Toxic epidermal necrolysis

From Dog
Full thickness necrosis associated with toxic epidermal necrolysis in a dog[1]

Toxic epidermal necrolysis (Stevens-Johnson syndrome) is a life-threatening skin disorder caused by drugs or infections characterized by widespread epidermal necrosis[2].

Toxic epidermal necrolysis is a severe form of erythema multiforme.

In dogs, most cases are a result of drug- and toxin-reactions[3][4], including amphotericin B and ketoconazole combinations[5] and flea dips[6].

A similar situation occurs in humans, caused by drugs reactions and zoonotic infections with Capnocytophaga canimorsus. The consequent involvement of staphylococcal exfoliatin produced by Staphylococcus spp also plays a role in the exfoliative phenomenon associated with Stevens-Johnson syndrome. However, this scenario of bacterial induced exfoliation has been shown to be absent in dogs[7].

As well as manifesting as a severe necrosis of skin, systemic symptoms are usually present and affected dogs often present with anorexia, lethargy, hepatopathy, dyspnoea and fever.

A differential diagnosis would include superficial necrolytic dermatitis[8], pemphigus and lupus erythematous.

Treatment requires immediate discontinuation of drug therapy which has induced the epidermal necrolysis.

This is followed by intensive dermal therapy with skin protectants, thermal water sprays, non-stick dressings and antimicrobial creams.

The judicious use of intravenous fluid therapy, parenteral antibiotics (e.g. amoxycillin/clavulanate), steroids such as prednisolone or non-steroidal anti-inflammatory drugs is indicated.

Resolution can be frustrating as severe dermal loss can rapidly result in a fulminating sepsis and death[9].

In one dog, a single intravenous infusion of 0.51 g/kg human immunoglobulin (ivHIG) as a 5 per cent solution was effective as an adjunct therapy[10].

Human patients have also responded successfully to adjunct monoclonal drugs such as infliximab[11].


  1. Uni of Pennsylvania
  2. Saito N et al (2012) Stevens-Johnson syndrome/toxic epidermal necrolysis mouse model generated by using PBMCs and the skin of patients. J Allergy Clin Immunol Oct 27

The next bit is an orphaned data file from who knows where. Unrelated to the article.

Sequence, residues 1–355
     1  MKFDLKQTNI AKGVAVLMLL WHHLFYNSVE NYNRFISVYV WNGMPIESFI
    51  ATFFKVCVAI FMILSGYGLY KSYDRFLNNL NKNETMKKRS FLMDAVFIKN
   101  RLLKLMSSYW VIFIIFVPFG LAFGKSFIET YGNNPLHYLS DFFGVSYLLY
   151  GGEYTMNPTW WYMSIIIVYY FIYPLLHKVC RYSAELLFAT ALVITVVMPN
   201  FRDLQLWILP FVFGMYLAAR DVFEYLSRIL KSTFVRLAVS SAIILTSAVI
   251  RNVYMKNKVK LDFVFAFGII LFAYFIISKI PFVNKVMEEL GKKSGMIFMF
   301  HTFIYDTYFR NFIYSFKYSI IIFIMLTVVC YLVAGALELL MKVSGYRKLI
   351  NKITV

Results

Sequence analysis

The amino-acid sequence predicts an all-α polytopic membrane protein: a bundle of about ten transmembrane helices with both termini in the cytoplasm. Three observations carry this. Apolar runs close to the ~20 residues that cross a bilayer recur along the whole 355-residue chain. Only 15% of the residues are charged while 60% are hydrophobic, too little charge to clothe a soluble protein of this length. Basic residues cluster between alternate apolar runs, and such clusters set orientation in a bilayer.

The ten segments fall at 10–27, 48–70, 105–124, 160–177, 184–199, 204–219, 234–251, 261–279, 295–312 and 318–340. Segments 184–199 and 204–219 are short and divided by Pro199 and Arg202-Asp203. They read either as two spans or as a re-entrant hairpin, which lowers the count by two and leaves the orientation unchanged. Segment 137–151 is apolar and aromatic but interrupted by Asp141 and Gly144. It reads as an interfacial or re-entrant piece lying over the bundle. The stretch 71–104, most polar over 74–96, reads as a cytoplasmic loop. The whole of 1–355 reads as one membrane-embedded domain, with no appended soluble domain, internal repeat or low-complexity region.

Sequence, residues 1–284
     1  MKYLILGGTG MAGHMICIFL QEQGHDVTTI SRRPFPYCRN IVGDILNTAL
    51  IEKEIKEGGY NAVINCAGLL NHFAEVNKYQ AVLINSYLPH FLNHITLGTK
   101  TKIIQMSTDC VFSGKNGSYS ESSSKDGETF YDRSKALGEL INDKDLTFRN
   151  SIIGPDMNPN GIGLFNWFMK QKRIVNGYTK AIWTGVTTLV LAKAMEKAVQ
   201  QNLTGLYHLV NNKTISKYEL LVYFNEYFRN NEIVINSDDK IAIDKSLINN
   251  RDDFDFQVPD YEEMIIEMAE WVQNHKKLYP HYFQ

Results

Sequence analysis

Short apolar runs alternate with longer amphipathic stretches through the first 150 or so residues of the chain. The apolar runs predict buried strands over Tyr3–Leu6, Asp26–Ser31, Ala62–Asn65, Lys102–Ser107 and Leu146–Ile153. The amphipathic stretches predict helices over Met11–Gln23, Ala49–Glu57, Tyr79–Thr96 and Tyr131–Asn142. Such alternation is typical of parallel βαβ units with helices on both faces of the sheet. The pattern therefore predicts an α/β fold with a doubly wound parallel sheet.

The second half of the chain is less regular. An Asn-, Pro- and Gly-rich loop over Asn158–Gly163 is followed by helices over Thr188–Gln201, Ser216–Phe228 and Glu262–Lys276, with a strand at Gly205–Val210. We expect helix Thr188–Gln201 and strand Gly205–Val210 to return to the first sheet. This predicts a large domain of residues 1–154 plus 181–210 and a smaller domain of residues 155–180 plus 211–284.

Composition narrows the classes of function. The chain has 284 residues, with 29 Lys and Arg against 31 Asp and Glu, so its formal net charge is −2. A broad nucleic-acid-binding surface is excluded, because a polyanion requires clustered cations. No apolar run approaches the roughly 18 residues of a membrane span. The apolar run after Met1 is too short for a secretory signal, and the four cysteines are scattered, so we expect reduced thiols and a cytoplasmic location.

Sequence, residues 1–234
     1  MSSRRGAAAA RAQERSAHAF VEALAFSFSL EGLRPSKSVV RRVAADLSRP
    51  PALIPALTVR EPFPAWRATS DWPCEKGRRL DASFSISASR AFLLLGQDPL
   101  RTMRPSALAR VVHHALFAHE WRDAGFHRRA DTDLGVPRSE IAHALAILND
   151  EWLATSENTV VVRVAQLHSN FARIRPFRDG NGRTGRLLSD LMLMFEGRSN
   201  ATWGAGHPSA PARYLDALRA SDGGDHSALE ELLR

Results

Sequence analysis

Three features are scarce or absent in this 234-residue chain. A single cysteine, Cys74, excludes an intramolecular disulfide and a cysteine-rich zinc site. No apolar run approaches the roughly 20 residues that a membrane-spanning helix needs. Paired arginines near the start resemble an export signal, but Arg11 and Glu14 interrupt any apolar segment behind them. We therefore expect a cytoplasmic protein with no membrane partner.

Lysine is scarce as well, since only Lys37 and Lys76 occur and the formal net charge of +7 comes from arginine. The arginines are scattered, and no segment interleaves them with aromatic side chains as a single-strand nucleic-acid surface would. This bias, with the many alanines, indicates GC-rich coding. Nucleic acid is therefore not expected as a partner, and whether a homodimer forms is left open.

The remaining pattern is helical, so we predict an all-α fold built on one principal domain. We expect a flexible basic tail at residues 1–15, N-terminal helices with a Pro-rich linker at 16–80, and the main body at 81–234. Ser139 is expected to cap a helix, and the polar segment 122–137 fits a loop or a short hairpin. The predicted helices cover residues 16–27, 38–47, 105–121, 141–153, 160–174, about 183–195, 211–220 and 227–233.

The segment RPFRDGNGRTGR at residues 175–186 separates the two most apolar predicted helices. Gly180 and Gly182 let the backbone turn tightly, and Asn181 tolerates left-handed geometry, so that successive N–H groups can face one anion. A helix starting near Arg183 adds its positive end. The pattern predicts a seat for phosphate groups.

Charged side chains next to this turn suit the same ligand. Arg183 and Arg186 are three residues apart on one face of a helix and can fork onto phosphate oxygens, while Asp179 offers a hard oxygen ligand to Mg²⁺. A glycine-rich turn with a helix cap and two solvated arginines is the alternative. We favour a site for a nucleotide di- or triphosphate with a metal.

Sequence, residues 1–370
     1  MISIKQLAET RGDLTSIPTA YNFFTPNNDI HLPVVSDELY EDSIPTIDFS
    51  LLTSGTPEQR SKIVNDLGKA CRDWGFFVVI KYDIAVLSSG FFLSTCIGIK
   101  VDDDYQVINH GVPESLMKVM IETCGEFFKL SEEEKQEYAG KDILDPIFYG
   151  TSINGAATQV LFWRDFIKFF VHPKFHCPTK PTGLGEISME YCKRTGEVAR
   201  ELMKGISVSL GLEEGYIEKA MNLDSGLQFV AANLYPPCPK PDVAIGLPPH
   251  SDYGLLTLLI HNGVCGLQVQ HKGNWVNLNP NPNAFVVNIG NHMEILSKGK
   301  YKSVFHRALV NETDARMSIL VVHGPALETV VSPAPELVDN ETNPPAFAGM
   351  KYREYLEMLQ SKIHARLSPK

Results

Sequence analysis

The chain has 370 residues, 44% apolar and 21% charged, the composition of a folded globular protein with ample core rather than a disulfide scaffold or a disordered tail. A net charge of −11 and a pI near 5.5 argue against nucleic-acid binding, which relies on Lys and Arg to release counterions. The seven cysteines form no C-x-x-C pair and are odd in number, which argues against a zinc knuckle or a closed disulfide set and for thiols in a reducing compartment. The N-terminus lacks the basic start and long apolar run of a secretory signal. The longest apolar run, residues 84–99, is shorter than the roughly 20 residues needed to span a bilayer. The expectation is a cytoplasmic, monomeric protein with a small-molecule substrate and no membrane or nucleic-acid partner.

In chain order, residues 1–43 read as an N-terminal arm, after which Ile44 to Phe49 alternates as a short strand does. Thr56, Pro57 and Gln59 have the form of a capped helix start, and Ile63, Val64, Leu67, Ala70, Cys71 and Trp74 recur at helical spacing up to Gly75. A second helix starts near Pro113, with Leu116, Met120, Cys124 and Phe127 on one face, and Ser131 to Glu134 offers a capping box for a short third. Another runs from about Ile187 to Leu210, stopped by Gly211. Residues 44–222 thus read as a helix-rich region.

3. Voie KL et al (2012) Drug hypersensitivity reactions targeting the skin in dogs and cats. J Vet Intern Med 26(4):863-874
  4. Mason KV & Fadok VA (1994) Cutaneous drug eruptions with epidermal necrosis: a discussion of pathophysiologic and comparative aspects. Clin Dermatol 12(4):525-528
  5. Panciera DL & Bevier D (1987) Management of cryptococcosis and toxic epidermal necrolysis in a dog. J Am Vet Med Assoc 191(9):1125-1127
  6. Frank AA et al (1992) Toxic epidermal necrolysis associated with flea dips. Vet Hum Toxicol 34(1):57-61
  7. Elias PM et al (1976) Staphylococcal toxic epidermal necrolysis: species and tissue susceptibility and resistance. J Invest Dermatol 66(2):80-89
  8. March PA et al (2004) Superficial necrolytic dermatitis in 11 dogs with a history of phenobarbital administration (1995-2002). J Vet Intern Med 18(1):65-74
  9. Teo KG et al (2012) Asplenic fulminant sepsis secondary to a dog bite complicated by toxic epidermal necrolysis/Stevens-Johnson syndrome. N Z Med J 125(1358):74-77
  10. Nuttall TJ & Malham T (2004) Successful intravenous human immunoglobulin treatment of drug-induced Stevens-Johnson syndrome in a dog. J Small Anim Pract 45(7):357-361
  11. Scott-Lang V et al (2012) Toxic Epidermal Necrolysis in a Child Successfully Treated with Infliximab. Pediatr Dermatol Oct 16